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Rod Carew, the hall of famer and former Twin who was named to 18 All-Star Games and will make the ceremonial first pitch at Tuesday night’s All-Star Game at Target Field, served on the Expansion-Era Hall of Fame committee that in two weeks will induct ex-managers Bobby Cox, Tony La Russa and Joe Torre in Cooperstown, N.Y.

But with a proviso.

“I told the president of the Hall of Fame that the only way I would be on that committee is if I could be on the next committee when (former Twins teammates) Tony (Oliva) and Jim (Kaat) come up (for election),” Carew said.

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MINNEAPOLIS – There he was, a 25-year-old rookie, standing among some of the best to ever play the game.

Willie Mays. Roberto Clemente. Mickey Mantle. Harmon Killebrew. Hank Aaron.

Somehow, some way, Tony Oliva wedged his way into that elite group. His numbers more than validated his selection to the 1964 All-Star Game, but the Cuba native and Twins outfielder still couldn’t believe he was among the best and brightest in Major League Baseball.

“That was a dream, to be able to be in that group of people as an All-Star,” Oliva said. “Really, you don’t know if you’re an All-Star, if you belong there. I know my numbers was great. I had great numbers that year for the All-Star (Game). But as a rookie, you never know if they’re going to pick you out for the All-Star or not.”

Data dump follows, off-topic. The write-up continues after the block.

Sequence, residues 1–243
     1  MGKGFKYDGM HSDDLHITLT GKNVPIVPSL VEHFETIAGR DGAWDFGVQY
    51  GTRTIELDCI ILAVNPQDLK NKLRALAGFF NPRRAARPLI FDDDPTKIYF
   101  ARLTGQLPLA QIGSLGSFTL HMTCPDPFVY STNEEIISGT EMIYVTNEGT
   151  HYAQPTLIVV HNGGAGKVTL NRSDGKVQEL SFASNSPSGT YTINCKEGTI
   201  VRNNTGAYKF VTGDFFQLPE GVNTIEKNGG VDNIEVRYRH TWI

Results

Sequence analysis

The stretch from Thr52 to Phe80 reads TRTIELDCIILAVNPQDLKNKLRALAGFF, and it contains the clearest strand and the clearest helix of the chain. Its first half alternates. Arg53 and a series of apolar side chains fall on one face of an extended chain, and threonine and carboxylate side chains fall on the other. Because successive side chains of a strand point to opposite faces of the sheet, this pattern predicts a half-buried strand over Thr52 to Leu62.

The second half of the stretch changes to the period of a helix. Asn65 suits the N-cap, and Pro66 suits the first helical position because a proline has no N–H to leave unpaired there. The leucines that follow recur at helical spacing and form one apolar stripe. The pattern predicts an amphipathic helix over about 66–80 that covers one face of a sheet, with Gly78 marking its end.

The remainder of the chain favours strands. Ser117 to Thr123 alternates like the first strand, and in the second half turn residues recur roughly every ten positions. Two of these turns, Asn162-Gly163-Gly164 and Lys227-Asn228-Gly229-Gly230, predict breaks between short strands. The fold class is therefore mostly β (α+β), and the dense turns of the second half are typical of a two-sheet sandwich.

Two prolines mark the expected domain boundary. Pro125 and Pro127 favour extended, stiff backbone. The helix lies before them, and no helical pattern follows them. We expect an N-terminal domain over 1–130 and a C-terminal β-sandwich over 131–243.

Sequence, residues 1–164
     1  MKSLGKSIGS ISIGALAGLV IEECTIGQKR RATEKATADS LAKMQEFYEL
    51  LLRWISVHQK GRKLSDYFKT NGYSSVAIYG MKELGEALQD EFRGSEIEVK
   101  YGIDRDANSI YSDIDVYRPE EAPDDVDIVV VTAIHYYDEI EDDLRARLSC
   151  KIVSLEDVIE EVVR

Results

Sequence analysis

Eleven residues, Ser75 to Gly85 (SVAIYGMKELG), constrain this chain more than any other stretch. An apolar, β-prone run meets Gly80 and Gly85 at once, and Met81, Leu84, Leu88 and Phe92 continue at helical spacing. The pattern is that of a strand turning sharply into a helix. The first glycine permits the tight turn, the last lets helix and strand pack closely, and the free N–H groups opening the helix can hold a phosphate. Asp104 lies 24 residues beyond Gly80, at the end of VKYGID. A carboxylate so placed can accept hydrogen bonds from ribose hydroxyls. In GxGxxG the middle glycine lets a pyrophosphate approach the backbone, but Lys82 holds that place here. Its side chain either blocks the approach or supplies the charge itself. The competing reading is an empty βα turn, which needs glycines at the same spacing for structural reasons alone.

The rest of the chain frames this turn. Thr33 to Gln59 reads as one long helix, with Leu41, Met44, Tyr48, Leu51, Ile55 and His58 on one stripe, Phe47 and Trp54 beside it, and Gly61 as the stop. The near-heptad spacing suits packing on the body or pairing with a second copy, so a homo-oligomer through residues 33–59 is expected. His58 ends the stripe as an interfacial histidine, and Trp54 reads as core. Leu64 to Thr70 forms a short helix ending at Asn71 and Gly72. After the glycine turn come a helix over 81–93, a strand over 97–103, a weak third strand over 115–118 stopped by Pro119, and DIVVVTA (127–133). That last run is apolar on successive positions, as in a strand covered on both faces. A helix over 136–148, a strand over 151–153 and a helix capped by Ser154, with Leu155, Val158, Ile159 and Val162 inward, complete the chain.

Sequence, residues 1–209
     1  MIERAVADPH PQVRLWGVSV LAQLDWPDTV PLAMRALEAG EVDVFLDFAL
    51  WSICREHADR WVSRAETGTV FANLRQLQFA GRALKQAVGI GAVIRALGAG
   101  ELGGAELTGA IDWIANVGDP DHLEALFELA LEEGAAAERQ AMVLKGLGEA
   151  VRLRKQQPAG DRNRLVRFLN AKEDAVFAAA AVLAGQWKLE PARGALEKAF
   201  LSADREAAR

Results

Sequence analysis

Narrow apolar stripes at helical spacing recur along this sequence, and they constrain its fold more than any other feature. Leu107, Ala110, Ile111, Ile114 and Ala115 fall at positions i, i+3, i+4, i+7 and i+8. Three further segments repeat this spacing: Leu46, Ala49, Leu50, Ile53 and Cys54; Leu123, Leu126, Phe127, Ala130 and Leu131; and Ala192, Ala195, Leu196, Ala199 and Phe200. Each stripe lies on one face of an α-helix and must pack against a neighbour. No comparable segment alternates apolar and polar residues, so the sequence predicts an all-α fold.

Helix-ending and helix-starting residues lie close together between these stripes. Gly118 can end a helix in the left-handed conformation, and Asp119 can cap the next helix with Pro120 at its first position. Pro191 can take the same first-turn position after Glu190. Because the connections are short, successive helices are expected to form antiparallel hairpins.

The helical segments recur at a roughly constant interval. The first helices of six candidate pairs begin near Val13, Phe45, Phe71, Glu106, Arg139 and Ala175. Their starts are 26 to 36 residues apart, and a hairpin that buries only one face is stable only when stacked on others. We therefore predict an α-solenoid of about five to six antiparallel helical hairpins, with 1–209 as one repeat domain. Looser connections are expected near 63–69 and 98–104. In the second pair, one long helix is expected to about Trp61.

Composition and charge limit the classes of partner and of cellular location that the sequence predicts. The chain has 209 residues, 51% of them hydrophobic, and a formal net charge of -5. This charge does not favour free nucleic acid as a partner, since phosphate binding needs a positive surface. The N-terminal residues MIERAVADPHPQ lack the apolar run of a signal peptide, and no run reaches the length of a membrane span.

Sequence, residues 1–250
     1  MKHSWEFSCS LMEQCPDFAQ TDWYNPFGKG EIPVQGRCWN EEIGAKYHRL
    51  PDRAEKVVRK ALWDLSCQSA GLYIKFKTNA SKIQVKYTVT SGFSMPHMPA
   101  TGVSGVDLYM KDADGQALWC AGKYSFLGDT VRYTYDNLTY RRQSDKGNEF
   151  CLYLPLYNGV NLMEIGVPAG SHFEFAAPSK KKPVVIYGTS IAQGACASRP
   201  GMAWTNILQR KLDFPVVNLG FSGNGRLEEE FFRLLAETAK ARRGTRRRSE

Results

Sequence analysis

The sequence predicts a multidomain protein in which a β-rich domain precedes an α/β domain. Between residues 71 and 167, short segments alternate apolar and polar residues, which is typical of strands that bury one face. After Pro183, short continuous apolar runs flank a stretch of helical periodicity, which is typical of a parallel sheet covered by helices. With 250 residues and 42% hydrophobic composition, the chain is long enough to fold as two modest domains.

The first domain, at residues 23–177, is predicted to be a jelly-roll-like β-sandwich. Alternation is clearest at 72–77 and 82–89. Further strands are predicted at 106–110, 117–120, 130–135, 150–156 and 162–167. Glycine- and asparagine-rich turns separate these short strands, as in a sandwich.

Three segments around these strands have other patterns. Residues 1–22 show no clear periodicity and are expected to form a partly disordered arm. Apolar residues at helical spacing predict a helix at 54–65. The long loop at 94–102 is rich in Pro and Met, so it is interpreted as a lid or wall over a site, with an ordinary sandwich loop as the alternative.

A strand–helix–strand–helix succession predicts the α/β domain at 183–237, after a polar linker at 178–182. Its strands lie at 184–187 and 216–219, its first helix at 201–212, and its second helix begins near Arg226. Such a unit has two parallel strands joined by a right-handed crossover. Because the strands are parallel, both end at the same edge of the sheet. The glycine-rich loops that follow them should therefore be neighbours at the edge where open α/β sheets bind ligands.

Not only was Oliva an All-Star that year, but he was also the American League Rookie of the Year. He finished his rookie season with a league-best 217 hits, 109 runs and a .323 average, which earned him his first of three batting titles.

Watch the video here- http://www.foxsports.com/north/story/former-twin-oliva-partaking-in-third-minnesota-all-star-game-071014?videoId=a4bef9c4-d43c-458b-b0f0-b021071386d6&from=mpl_en-us_FSRSingle_FOXSports_Video_Page&src=v5:share:titleBar^link:

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Even now, all these years later, Tony Oliva never mentions the double he hit at the 1965 All-Star Game.

Not around Bob Gibson, he doesn’t.

They are in their 70s now, but why take a chance at offending Gibson, one of the fiercest competitors the game has known?

“Many times we’ve been together,” says Oliva, now a Twins special assistant. “We used to play old-timer’s games and we’d go to dinner. We did a lot of charity events. I never bring up the double. I never say anything.”

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Watch the video here- http://minnesota.cbslocal.com/2014/07/09/a-look-back-at-minn-s-first-all-star-game-as-told-by-tony-oliva/

MINNEAPOLIS (WCCO) — Four years after the Twins arrived in the land of 10,000 lakes, Minnesota was the center of the baseball universe. Nearly 50,000 fans crammed into Metropolitan Stadium to watch the All-Star game.

“It brings me a lot of memories,” Tony Oliva said.

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While Tony Oliva would have my vote for the Hall of Fame, those who really have a vote have not seen the light.  A look at his stats confirms…he belongs!